"We all pray that we can celebrate this Holy Week peacefully and that all Indonesian – not only Catholics – experience the peace Jesus Christ brings us."
The Indonesian bishops’ conference’s Commission for Ecumenical and Interreligious Affairs, issued a statement signed by its chairman, Bishop Yohanes Harun Yuwono of Tanjungkarang, following the March 28 bombing.
“The suicide bombing is not only the concern of Catholics but also the concern of the entire nation and the Indonesian state,” Bishop Yuwono said in the statement published by Aid to the Church in Need.
“We strongly condemn the suicide bombing that disgraced human dignity, destroyed the values of humanity, and added to the long list of terrorism incidents in the nation that we love.”
The leader of the bishops’ interreligious dialogue commission for the world’s most populous Muslim-majority nation prayed that the Lord will grant “peace and protection to all.”
“We hope that the incident will not harm or weaken the relationships which have so far been intensively built, maintained, and developed by religious followers,” the bishop said.
Indonesia is home to the Nahdlatul Ulama movement, the largest independent Muslim organization in the world, which is committed to developing a theological framework for a reformed “humanitarian Islam” that rejects the concepts of caliphate, Sharia law, and “kafir” (infidels).
Hodri Ariev, an Indonesian Muslim leader within the Nahdlatul Ulama movement, told CNA that “eliminating the theology behind this bombing will require serious effort … and extensive cooperation between ulama (Islamic scholars) and the government” in Indonesia.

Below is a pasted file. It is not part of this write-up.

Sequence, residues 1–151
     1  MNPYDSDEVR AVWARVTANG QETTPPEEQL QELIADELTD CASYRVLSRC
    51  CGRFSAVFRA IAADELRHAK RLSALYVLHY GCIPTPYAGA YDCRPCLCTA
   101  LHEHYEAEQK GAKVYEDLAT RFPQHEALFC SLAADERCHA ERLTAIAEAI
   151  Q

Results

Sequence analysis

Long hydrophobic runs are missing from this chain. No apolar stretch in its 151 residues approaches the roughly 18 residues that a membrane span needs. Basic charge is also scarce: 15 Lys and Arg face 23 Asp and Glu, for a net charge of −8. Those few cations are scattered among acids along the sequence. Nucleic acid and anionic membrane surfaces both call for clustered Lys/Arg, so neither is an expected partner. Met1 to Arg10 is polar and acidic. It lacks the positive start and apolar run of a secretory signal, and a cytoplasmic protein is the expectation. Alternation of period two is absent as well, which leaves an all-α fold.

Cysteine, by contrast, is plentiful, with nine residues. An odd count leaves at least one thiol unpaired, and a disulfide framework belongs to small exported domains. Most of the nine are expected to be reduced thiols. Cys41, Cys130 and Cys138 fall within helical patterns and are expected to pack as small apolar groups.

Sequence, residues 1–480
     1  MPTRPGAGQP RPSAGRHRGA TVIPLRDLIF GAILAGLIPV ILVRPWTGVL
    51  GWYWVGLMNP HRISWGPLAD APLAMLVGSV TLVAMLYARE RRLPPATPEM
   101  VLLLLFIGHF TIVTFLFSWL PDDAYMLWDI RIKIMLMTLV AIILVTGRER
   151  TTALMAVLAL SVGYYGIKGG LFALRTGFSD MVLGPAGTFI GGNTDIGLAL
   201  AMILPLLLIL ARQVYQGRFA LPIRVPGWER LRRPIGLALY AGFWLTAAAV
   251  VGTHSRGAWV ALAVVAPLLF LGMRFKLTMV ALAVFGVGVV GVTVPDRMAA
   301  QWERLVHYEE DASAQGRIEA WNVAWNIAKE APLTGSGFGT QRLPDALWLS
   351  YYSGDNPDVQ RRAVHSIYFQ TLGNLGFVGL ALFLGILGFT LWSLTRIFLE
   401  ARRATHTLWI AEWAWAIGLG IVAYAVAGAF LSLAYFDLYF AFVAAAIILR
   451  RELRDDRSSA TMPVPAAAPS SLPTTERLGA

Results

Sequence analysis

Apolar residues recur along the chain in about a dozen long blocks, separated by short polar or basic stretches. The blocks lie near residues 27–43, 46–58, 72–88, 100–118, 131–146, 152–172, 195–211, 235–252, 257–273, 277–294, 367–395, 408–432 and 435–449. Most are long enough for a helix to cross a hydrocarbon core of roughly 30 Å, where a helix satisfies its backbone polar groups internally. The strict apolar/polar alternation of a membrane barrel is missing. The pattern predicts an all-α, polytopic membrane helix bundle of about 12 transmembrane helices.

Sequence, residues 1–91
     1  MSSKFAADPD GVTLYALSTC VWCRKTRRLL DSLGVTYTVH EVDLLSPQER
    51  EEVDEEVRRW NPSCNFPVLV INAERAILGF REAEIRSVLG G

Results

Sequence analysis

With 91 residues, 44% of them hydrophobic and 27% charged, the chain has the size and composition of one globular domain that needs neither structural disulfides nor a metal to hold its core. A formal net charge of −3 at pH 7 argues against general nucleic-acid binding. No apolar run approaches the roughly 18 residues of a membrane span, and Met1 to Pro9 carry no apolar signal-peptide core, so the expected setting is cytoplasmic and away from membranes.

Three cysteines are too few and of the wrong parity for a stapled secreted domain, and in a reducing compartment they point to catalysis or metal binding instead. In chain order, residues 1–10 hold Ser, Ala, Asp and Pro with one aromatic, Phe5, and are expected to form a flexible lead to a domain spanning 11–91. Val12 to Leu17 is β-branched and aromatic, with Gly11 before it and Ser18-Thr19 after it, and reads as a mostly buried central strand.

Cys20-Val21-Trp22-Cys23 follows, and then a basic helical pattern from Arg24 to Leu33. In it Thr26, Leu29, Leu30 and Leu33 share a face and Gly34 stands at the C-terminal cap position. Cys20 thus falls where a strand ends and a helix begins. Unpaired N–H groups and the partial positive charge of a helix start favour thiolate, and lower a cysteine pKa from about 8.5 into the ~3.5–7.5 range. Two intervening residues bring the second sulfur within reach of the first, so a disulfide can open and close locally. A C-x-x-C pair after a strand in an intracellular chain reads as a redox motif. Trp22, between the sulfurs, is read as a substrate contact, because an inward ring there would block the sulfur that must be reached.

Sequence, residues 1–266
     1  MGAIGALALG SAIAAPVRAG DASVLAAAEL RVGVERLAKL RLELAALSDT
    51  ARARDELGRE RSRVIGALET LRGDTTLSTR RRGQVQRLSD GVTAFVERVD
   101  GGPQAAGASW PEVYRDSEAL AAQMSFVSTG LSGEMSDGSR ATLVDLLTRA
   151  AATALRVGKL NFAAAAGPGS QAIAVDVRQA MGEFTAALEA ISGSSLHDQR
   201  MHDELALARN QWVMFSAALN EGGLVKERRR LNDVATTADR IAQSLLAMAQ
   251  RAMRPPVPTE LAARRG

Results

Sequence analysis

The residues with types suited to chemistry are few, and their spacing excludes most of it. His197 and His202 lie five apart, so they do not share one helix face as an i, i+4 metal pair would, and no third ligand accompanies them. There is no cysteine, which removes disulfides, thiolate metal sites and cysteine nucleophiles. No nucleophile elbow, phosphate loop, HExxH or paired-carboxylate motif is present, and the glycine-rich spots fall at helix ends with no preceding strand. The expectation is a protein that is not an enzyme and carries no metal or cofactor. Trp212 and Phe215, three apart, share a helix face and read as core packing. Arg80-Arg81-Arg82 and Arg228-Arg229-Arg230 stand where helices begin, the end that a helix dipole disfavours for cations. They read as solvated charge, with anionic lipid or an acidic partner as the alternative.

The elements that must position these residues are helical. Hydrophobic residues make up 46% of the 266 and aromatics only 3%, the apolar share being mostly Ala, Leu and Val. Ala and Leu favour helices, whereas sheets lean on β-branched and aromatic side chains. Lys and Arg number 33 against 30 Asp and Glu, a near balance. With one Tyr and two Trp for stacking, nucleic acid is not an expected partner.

Indonesian President Joko Widodo condemned “acts of terrorism” following Sunday’s attack and said that he had ordered the chief of police to “thoroughly investigate the perpetrators’ networks and uncover the networks to their roots”
“I invite all members of society to jointly fight terrorism and radicalism, which are against our religious values and noble values as a nation that upholds divine values and upholds the values of diversity,” he said in a statement at the Bogor Presidential Palace, West Java.
The president also promised that the state would cover all medical bills for the victims wounded in the explosion and urged the public to remain calm as they continued to attend places of worship.
The bombing occurred at the side gate of the Catholic cathedral of Makassar, the capital city of South Sulawesi province, as church-goers were exiting the cathedral at the start of Holy Week.
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Fr. Wilhelmus Tulak, who offered the Mass, said that the explosion occurred at around 10:30 a.m. local time.
Two people, a man and a woman, drove up to the cathedral on a motorbike and tried to enter through a gate. They were reportedly turned away by security guards before the bomb detonated.
Makassar is the fifth-largest urban center in Indonesia. Around 10% of the Southeast Asian country’s more than 270 million population is Christian. There are an estimated eight million Indonesian Catholics.
Catholic leaders from around the world expressed their condolences after the Palm Sunday attack.
Archbishop Eric de Moulins-Beautfort, president of the French bishops’ conference, said in a statement March 28 that Catholics in France are united in prayer and concern with Indonesian Catholics.
“They bring before the Lord Jesus the terrible pain of bereaved families, the suffering of the wounded and their loved ones, the anguish of many. They ask for peace and unity for your people, the conversion of the violent, the preservation of peace,” the archbishop said.